Updated ASCO/ASH guideline
On October 22, ASCO and ASH jointly released an updated guideline on the use of ESAs in chemotherapy-related anemia (see Table). According to ASH, the guideline update was developed by examining two meta-analyses that reviewed close to 60 randomized clinical trials.
"Our goal is for these evidence-based recommendations to influence practice standards and result in better care," Samuel Silver, MD, PhD, ASH executive committee councillor, said in an interview with ONI. "Our guidelines are the product of several years of collaborative work, not a reaction to the recent CMS decision."
FDA acknowledges its ESA labeling has caused confusion among oncologists about dosing recommendations. Dr. Silver said part of the confusion stems from FDA's reply to Rep. Peter Stark's request for clarification of the labeling recommendations. In the reply, FDA said it "believes that the approved labeling and the CMS national coverage decision are generally consistent in their recommendations regarding the use of ESAs in patients with cancer undergoing chemotherapy."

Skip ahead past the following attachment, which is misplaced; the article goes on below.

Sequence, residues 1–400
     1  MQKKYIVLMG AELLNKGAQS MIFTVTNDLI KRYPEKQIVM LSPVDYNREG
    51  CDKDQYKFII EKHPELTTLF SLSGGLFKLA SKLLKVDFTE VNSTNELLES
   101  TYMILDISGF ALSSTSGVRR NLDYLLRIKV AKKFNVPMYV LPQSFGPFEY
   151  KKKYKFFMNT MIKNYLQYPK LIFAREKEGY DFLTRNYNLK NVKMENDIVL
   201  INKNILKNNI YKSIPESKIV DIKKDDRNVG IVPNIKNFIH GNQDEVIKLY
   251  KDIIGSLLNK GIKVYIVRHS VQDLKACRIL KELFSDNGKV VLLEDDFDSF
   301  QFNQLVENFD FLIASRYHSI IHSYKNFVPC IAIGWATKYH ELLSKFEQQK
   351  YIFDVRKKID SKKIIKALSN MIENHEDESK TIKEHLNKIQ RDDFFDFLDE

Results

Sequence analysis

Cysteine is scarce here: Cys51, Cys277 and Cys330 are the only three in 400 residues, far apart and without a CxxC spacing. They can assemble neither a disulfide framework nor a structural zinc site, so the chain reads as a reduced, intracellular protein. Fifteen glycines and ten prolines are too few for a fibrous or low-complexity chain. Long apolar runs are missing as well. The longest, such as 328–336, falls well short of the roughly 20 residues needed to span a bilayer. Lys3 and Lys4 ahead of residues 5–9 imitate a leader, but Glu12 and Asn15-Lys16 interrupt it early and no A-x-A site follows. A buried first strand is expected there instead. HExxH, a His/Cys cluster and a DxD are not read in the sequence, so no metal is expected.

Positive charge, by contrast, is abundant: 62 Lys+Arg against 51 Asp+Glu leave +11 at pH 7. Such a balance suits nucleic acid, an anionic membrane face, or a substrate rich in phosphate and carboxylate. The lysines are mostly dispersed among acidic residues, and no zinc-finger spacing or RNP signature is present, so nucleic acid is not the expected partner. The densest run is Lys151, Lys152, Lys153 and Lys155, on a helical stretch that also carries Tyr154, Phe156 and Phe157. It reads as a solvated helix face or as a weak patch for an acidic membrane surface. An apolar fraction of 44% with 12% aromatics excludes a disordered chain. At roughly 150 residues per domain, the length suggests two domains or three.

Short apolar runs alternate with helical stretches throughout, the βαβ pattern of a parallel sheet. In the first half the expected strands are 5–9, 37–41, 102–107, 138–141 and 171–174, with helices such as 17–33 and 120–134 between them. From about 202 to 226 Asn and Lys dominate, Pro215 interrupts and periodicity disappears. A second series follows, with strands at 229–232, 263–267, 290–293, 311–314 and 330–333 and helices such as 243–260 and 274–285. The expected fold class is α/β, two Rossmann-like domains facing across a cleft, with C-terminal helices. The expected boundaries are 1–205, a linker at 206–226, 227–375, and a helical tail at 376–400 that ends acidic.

Said Dr. Silver, "The term 'generally consistent' is a carefully chosen and rather peculiar bit of legalese, because although the NCD is encompassed within the FDA labeling, there are some patients who, because of the restrictions of dosing above 10 g/dL, are actually excluded by the NCD."ASH and ASCO propose keeping the hemoglobin concentrations between 10 and 12 g/dL following the first administration of an ESA, but under the new NCD, oncologists would have to wait until a patient's level drops below 10 g/dL and would not be allowed to use the drug until the hemoglobin once again falls below that level, he said.
A dual coverage system?
"It's my understanding that private payers are generally following the ASH/ASCO guidelines, which effectively creates a dual coverage system, one for Medicare beneficiaries and one for the remainder of the private payer community," Dr. Silver said.Unfortunately, he added, "legislation is not the optimal way of handling this issue. We feel that the national coverage decision should have been an open analytical process, decided by examining the extensive scientific data in the literature that we used to establish the recently issued ASH/ASCO guidelines."
Safety vs profit?